Learning, the act of gaining knowledge, is a craft unto itself. It starts with questions - the what ifs, how abouts, whys, . . . leading from the unknown to the known, through inquiry, experimentation, travel, and of course pure accident.

This is about how it happens in my life.

Wisdom of Crowds, Corrupted

Hosting the Olympics in 2010 appears to have had a lasting effect on the beautiful city of Vancouver.  Throughout the NHL playoffs during home games the crowd belted out O Canada with such fervour, as though all that practice last year left them wanting more.  The crowds in the streets showed again and again that enthusiasm for the team mattered more than the local liquor store closing early.
Until Wednesday June 15, 2011.  That night, the wisdom of the crowd was corrupted.
There is little doubt in my mind that the riots in Vancouver after Game 7 would have happened regardless of the outcome of the game itself.  At the same time there is no doubt that the majority of people in the streets that night were appalled by what happened around them, only wanting to be safe.  Of the remaining minority, some of them showed up with intent, while the remainder are now wondering why they behaved so badly asking, "what got into me?"  

At some point in the evening wisdom gave way to noise and chaos, a la Shannon and Weaver's Information Theory.  Large crowds with even the best of intentions present great cover for any one up to some mischief. Think of the Black Bloc or radical cheerleading for example. 

The similarities between Toronto during that stupid summit in 2010 and game 7 in Vancouver are interesting: businesses closed, streets blocked to traffic, designated areas for congregating. Mind you the differences are all the more so, with bad behaviour correctly predicted resulting in a huge police presence, perimeter fence, and many businesses closed out of fear in Toronto.  It seems Vancouver was operating on a more hopeful model, one that turned out to be unfortunately incorrect.

What strikes me as more instructive is what happened the day after.  I don't recall news items about Torontonians coming out to help clean up post-protest.  I looked for and found very little official commentary from the protest community condemning the hooliganism taking place in their midst. Granted, much of the media was legitimately focused on police and policy abuses as well as the protesters.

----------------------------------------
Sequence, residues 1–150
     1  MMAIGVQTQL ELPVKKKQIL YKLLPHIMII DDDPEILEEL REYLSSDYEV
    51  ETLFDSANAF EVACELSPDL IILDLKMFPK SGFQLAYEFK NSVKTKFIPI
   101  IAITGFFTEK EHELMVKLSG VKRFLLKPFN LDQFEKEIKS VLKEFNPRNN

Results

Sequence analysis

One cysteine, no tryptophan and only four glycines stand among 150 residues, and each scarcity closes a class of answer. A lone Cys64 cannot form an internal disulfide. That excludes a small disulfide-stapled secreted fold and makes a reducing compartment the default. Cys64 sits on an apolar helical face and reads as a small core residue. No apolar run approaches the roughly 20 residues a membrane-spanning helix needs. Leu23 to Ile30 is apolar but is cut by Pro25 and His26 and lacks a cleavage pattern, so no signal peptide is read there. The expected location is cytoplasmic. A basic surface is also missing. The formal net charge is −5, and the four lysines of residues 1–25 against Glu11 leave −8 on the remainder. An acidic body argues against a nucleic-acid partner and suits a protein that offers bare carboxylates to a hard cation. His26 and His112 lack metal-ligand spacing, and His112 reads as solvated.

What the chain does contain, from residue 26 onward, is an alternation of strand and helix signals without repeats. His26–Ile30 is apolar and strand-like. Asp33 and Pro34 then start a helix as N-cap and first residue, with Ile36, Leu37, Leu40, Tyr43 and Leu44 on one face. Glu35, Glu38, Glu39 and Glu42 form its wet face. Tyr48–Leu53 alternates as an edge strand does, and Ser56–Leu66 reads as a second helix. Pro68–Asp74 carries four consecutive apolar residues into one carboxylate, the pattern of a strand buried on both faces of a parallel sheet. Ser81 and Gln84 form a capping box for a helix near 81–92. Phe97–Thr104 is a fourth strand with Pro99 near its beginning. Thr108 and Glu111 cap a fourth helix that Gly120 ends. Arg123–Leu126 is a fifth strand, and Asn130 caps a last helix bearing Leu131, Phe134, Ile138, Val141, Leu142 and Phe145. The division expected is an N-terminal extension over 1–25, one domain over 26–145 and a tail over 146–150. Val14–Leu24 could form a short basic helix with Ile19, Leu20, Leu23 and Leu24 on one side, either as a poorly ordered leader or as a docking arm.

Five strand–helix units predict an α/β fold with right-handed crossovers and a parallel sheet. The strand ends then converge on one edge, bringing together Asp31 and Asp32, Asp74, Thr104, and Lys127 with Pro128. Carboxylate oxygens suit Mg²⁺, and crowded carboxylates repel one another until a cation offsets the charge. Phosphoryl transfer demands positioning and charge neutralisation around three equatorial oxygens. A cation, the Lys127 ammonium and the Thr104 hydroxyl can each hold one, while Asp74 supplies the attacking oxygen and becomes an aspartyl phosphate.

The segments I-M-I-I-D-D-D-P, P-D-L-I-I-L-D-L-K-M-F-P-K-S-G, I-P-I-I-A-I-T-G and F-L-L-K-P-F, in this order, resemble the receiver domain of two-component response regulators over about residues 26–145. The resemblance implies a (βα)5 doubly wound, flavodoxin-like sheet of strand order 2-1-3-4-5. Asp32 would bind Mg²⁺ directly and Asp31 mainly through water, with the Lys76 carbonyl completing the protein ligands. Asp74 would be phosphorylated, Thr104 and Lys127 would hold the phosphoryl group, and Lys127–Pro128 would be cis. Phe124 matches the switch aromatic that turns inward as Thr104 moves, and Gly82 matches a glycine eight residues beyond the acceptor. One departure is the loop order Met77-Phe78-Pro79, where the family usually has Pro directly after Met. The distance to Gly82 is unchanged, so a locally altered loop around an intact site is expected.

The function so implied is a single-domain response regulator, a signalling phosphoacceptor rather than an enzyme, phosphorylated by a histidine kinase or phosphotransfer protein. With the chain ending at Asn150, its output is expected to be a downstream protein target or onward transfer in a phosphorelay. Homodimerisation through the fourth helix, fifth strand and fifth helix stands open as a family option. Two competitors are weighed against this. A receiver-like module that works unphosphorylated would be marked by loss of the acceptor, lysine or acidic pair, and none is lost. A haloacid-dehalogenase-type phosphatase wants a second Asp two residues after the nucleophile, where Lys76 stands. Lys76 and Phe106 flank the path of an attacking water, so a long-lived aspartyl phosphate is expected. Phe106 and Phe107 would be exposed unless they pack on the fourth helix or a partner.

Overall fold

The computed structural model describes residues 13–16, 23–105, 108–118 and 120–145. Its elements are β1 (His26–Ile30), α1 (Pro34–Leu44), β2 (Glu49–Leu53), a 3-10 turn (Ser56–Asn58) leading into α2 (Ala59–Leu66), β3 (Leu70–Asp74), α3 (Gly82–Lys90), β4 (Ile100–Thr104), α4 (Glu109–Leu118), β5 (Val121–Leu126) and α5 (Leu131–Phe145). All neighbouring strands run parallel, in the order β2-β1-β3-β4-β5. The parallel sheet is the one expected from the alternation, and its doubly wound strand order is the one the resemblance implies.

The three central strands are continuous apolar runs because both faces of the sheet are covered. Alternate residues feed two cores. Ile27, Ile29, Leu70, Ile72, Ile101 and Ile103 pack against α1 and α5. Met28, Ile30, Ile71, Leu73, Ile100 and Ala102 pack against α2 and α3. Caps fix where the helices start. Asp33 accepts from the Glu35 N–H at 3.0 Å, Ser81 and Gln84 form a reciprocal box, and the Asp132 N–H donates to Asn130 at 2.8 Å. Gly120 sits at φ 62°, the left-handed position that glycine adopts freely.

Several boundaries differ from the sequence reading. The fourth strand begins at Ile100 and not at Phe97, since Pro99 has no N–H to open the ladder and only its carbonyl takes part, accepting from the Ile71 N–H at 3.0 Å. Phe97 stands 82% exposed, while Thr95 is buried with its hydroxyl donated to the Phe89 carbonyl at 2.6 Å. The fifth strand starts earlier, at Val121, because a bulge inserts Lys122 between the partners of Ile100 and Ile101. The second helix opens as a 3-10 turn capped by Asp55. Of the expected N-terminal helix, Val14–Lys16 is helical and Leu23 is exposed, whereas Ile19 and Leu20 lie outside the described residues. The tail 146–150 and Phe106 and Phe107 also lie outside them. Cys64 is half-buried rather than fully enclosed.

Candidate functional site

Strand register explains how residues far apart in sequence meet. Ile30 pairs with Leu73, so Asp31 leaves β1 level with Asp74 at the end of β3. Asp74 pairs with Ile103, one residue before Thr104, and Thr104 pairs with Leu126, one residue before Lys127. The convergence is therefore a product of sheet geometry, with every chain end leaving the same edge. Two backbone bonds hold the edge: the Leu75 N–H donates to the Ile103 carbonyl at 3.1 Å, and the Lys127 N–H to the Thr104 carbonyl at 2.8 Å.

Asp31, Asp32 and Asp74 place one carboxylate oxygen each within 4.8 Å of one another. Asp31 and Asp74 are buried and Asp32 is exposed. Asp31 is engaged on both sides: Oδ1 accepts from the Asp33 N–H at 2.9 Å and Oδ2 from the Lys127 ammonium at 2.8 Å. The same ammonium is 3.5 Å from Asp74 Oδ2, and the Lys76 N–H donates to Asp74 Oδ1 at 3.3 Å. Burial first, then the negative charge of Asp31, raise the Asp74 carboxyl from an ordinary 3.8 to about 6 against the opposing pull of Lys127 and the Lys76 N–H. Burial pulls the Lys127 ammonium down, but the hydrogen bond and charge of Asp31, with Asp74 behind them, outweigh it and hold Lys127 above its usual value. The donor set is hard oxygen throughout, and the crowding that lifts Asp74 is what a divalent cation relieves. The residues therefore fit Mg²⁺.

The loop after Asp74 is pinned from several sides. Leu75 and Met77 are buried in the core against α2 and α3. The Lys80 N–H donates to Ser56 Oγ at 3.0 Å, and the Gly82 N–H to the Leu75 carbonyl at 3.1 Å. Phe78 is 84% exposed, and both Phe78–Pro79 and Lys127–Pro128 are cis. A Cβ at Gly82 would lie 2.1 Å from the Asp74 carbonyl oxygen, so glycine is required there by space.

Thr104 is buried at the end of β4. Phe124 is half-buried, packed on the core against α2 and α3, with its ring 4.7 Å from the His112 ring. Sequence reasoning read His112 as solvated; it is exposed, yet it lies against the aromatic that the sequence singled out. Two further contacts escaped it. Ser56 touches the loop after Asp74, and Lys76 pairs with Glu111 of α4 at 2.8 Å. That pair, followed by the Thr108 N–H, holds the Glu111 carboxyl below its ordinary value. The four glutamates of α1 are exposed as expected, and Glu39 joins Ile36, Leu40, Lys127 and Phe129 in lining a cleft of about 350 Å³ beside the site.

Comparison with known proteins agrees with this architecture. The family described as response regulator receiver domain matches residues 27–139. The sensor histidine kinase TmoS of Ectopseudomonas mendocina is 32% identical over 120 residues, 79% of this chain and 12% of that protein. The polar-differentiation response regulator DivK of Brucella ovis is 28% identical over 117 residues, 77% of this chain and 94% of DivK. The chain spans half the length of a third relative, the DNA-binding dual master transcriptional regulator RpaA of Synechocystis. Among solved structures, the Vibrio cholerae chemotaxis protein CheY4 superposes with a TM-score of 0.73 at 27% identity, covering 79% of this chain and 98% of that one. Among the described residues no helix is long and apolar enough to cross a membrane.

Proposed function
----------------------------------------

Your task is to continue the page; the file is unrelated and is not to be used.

Still: the response in Vancouver is one of a community rejecting such behaviour, while grappling with the recognition that it came from that same community.

If there is anything to be learned at all from history it is that there is always some one grasping for more, who will take or make any advantage to get it. It is found across all ideologies, professions, religions, nationalities and cultures throughout time, with perhaps the exception of Buddhism.

Vancouver Police may have missed the mark the other night; however, the approach taken in Toronto was as useless as the current approach to airline passenger screening when it comes to security. 
The Wednesday before the Summit last year I bought an Estes model rocket kit from a store at the corner of King and Bay streets in downtown Toronto, one block north of the much vaunted Security Fence. 
I was literally walking around in an area with probably more police officers than regular folks with a rocket launcher in my bag.
How's that for security? And before you scoff, consider this:
with some scissors, a knife, glue, tape, batteries and a mere 60 minutes you can build a rocket with an ejection module that will fly 1200 feet high and, depending on the wind, travel equally far.
As long as you can prove you are 13 years old you can purchase one of these kits and they are quite inexpensive.  These rockets are loads of fun to build and fly, and would be a great gift for Fathers Day.

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